Muddled: Fixing the EPA’s Unclear Definition of Sustainability

The Environmental Protection Agency is only one of a number of administrative agencies that promulgates regulations and policies that have the capacity to encourage sustainability.  Others include the subsidiary agencies in Department of the Interior, the Department of Agriculture, and the Department of Energy to name but a few examples – virtually every regulatory agency is capable of encouraging sustainability in business or in everyday life.  Perhaps none, however, has more prominence in this area than the Environmental Protection Agency because of the agency’s mission: “To protect human health and the environment.”  Unfortunately, the agency’s working definition of sustainability is useless at best, leading to an incoherent EPA-led sustainability policy that can only be fixed through the adoption of a tighter legal definition.

On its website, the EPA tells visitors that sustainability is “based on a simple principle: everything that we need for our survival and well-being depends, either directly or indirectly, on our natural environment.  Sustainability creates and maintains the conditions under which humans and nature can exist in productive harmony, that permit fulfilling the social, economic and other requirements of present and future generations.”  In short, the EPA tells us, in incredibly vague terms, what sustainability is based on what it does, but says absolutely nothing about what it is.

The need for a more useful definition is clear.  A study from 2010 indicates that regulations – which were previously a relatively unimportant factor in corporate sustainability – are becoming increasingly central to corporate decision-making, surpassing innovation as a primary driver of sustainability initiatives.  The EPA itself has indicated that it intends to use its regulatory authority to become more involved in sustainable development.  In 2011, the Agency commissioned a National Academy of Sciences report to develop a scientific “framework on sustainability” to guide the future evolution of environmental regulation.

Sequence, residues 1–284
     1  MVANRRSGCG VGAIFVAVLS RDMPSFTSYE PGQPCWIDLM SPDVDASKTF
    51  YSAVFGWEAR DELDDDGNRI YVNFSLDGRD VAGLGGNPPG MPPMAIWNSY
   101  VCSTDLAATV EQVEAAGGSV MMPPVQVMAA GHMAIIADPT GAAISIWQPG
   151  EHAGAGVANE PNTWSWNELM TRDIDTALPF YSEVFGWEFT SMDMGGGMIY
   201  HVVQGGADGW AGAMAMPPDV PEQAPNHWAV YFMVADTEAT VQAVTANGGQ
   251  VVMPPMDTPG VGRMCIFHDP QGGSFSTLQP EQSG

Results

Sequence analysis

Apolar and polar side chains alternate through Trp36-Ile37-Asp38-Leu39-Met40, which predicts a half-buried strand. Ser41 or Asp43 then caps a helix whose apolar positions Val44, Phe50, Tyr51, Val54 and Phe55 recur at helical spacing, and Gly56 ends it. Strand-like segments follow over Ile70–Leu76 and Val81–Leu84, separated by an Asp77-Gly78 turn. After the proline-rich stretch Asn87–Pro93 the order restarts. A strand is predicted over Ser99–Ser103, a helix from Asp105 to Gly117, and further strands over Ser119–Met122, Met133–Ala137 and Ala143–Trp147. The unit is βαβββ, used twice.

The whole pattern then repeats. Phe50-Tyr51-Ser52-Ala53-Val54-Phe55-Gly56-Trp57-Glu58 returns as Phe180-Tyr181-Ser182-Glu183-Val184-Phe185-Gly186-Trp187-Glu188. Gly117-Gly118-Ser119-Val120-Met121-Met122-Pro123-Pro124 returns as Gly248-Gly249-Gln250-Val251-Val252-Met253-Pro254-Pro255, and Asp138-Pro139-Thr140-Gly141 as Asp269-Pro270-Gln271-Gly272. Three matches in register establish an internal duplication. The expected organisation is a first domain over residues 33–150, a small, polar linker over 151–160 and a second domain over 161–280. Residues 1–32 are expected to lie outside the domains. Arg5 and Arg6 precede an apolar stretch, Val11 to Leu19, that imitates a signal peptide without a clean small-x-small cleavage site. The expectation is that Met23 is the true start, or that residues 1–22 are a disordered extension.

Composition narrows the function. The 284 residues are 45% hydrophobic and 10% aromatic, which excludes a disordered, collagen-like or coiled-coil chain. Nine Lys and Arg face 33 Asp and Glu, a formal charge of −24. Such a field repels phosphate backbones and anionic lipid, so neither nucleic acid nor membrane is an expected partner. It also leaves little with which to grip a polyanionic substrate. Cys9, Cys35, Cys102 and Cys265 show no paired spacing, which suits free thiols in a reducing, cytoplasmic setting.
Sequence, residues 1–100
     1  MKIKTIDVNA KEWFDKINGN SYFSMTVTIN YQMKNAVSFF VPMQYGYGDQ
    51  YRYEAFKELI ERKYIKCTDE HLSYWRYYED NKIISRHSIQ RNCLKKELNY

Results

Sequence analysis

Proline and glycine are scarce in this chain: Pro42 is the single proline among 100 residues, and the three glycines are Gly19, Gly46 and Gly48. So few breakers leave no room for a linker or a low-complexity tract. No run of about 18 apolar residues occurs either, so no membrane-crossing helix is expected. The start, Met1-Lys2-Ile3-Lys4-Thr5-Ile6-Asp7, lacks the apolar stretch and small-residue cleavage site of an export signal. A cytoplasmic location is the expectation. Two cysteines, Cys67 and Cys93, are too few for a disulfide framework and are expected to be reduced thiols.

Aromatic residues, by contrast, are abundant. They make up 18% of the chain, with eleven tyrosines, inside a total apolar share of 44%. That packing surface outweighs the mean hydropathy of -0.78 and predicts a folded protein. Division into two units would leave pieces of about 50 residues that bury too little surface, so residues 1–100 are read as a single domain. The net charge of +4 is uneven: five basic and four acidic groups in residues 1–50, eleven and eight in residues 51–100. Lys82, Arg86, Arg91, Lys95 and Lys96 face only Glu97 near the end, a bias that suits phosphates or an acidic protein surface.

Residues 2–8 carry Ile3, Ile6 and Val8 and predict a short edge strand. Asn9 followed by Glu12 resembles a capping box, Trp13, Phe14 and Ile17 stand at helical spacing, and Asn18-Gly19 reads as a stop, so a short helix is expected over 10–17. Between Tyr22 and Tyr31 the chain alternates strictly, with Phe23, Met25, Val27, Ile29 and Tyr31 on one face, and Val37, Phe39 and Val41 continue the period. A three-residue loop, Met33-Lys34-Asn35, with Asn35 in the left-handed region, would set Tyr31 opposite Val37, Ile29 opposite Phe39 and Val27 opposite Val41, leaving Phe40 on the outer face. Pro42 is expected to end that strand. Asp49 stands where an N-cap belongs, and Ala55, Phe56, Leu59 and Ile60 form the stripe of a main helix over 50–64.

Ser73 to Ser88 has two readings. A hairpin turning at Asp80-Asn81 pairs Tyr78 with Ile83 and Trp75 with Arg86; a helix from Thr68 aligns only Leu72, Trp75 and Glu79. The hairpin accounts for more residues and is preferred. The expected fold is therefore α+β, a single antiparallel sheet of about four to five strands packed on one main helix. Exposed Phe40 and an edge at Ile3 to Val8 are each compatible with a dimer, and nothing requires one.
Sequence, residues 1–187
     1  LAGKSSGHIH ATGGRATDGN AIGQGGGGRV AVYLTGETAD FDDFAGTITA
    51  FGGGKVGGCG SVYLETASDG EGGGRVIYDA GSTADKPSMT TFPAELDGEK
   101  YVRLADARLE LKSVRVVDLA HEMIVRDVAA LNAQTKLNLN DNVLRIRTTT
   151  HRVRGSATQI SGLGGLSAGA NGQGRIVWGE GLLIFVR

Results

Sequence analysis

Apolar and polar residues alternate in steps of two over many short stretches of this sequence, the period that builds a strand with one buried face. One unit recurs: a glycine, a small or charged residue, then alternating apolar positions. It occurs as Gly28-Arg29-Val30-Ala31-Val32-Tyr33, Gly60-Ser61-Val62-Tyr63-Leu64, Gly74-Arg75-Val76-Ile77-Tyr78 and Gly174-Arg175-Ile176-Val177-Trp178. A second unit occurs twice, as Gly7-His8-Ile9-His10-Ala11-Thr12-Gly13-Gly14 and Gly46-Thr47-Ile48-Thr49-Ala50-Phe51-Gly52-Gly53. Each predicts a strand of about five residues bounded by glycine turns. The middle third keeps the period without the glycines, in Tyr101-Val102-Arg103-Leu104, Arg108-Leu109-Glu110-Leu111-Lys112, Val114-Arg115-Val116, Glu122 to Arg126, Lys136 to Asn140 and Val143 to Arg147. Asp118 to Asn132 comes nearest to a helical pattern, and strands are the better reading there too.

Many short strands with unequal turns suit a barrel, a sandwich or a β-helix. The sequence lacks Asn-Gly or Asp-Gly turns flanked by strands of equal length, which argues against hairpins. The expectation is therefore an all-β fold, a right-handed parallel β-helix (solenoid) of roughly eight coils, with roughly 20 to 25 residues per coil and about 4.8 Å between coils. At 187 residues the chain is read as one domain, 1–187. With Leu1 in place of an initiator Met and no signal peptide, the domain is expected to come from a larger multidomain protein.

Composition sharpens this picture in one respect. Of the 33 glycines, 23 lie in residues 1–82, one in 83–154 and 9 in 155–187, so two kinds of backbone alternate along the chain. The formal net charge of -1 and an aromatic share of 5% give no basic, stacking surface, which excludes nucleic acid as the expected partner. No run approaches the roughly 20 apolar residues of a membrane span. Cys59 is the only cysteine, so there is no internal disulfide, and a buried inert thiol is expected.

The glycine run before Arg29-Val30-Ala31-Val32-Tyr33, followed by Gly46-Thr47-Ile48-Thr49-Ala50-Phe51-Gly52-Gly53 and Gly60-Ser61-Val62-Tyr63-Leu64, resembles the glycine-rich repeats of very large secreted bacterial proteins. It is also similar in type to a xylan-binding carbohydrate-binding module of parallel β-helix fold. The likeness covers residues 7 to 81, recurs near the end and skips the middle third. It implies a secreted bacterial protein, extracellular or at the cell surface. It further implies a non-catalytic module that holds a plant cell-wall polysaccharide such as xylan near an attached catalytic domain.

As “sustainability” becomes the centerpiece of environmental regulation over the coming years, it seems self-evident that the Agency must embrace a clear, unchanging definition for the word.  Adopting a clearer definition has the twin benefits of encouraging uniformity in the purposes of EPA regulations that promote corporate sustainability, and making enforcement of those regulations more predictable and understandable.  Furthermore, it provides a clear metric against which the EPA itself can assess the success or failure of the regulations it enacts.

A useful legal definition of sustainability does exist, and should be adopted by the EPA.  The United States Forest Service – a subdivision of the Department of the Interior – provides a clear, concise, and comprehensive definition of sustainability in Title 36 of the Code of Federal Regulations, which governs the administration of National Forests, National Parks, and other public property.  This Title defines sustainability as “The capability to meet the needs of the present generation without compromising the ability of future generations to meet their needs.”  It goes on to provide sub-definitions of ecological, economic, and social sustainability.  This definition allows the Forest Service to clearly couch its new regulations and policies in pre-existing language.  This encourages a policy coherence that does not exist in the Environmental Protection Agency, which has no similar regulatory definition.

The only way to rectify this is for the EPA to promulgate its own regulation to define sustainability with similar clarity and specificity.  As any judge or lawyer can attest, regulation without definition cannot be administered.  For the Environmental Protection Agency to lead the government in the struggle to implement sustainable policies in America without a clear definition for what that means is unconscionable.  The Agency should implement this simple change without further delay.

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